My name is H.A. Larson and I am a Woman of a Particular Age. I occasionally write ghostly and horror novellas, as well as some editorials for different publications, from my desk in the Midwest. I'm a hiker, adventurer, and traveler. I'm an ex-pat in-training that likes wine and Renaissance Faires. I'm a music fanatic and I much prefer a book over television.
My FIRE Journey: Two important things I did while paying off Debt
Recently, I talked about how I paid off over 20k in debt over a 15 month period. Paying off this debt was essential to my future as I embarked on a new life as a single mom of one*. But, truth be told, there were two other goals I was working on, in conjunction with my debt repayment, that were just as important. Let's talk about them.
1. I Built an Emergency Fund
The reason I had gotten into debt in the first place was that I had nothing set aside for emergency purposes. Sure, I was saving regularly for well over a decade but it was on a very small scale, and what little I had saved up I invested in an existing retirement account. While this was smart on my part, it left me nothing to fall back on. Sure enough, I had a series of misfortunes and had to rely pretty heavily on credit cards for a few years. This led to my large debt load.
When I hatched a plan to aggressively pay off my debts, I knew that I had to put myself in a better position. I needed to have liquid cash reserves on hand in case I fell on hard times again. So, while I was paying off debt, I began building an emergency fund (EF). As of today, should anything happen, I have the equivalent of four months of living expenses saved up to fall back on. By the end of summer, I will be at my first major EF goal of six months of living expenses saved. By Spring of next year, if not earlier, I hope to have a year's worth of living expenses saved up. That is my ultimate goal.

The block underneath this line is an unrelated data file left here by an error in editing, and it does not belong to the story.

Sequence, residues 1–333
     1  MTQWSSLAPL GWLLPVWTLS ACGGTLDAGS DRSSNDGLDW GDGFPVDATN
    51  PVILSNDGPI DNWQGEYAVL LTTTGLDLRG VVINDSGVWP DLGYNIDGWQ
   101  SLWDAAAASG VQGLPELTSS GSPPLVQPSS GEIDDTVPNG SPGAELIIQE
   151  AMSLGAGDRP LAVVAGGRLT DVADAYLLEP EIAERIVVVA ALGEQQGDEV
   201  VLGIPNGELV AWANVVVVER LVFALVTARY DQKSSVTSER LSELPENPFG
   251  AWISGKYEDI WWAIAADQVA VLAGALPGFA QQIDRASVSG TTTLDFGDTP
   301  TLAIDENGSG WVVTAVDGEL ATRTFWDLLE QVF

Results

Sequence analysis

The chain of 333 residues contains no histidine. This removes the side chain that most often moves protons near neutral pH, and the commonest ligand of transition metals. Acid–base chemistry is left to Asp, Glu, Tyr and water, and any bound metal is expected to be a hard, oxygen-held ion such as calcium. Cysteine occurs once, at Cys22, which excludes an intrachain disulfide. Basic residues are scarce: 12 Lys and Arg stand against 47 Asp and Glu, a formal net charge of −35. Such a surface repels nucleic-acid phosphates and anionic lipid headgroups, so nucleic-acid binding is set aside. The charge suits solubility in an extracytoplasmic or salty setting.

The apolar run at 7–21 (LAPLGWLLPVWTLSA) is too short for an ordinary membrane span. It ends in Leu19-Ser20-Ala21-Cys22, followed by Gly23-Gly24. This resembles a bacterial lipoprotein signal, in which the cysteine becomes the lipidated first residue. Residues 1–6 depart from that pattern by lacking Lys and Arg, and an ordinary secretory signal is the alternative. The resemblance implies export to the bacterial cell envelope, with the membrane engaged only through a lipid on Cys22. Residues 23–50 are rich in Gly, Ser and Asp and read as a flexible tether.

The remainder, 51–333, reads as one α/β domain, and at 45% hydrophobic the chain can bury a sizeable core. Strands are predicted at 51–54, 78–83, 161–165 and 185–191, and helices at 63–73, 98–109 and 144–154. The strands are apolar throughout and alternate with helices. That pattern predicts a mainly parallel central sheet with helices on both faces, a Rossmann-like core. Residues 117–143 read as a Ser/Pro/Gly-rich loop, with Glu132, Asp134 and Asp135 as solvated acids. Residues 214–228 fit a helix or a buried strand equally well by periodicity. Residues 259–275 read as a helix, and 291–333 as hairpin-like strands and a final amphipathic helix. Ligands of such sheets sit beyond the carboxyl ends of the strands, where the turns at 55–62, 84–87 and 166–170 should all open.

2. I Aggressively Invested
I knew that I couldn't just save money. Sure, I need an EF, but I also need to grow my money for retirement. With this in mind, I began investing as much as I could into a handful of investment accounts, both old and new. By the last quarter of 2020, between my employer-sponsored retirement accounts and my self-funded ones, I was investing 40% of my income. By the end of this year, I want that number to be at 50%, and sometime within the next five years, I want that number to be around 75%.
3. Bonus: Side Quest
There was something else I did while doing the other three (debt repayment, saving, and investing). It's not a necessary goal, like the other three, but it's smart, beneficial, and falls in line with my frugal, FIRE-loving self, and that is supply stockpiling. My part-time job was in a grocery store and one of their perks was a 10% discount on almost everything in the store. Since I worked there several times a week, I was able to stay abreast of sales. For instance, in one three-day period, they had canned corn, canned green beans, canned kidney beans, and canned chili beans for $0.39. At the same time, they had their store brand of pasta for $0.69. Those were extremely cheap prices and with my discount, I saved 4 cents on the canned goods and 7 cents on the pasta. This means I only paid 35 cents a can for the canned goods and 62 cents for boxes of pasta. I would also scout sales and slashed prices at other stores. I was in a store once that had a super sale on shampoo and conditioner, so I stocked up on those. These are all items with a long shelf life, so I will be able to use them for some time to come. There's all to be gained and nothing to be lost from this practice.
Paying off debt is incredibly important, but taking steps to save for the future and invest in your retirement will help ensure that you stay debt-free. So if being debt-free is your goal, hatch a plan and implement it, but make sure you invest and build an EF at the same time.
I hope you have a great weekend!
*I have two children, but only one lives at home. The other is grown and on his own.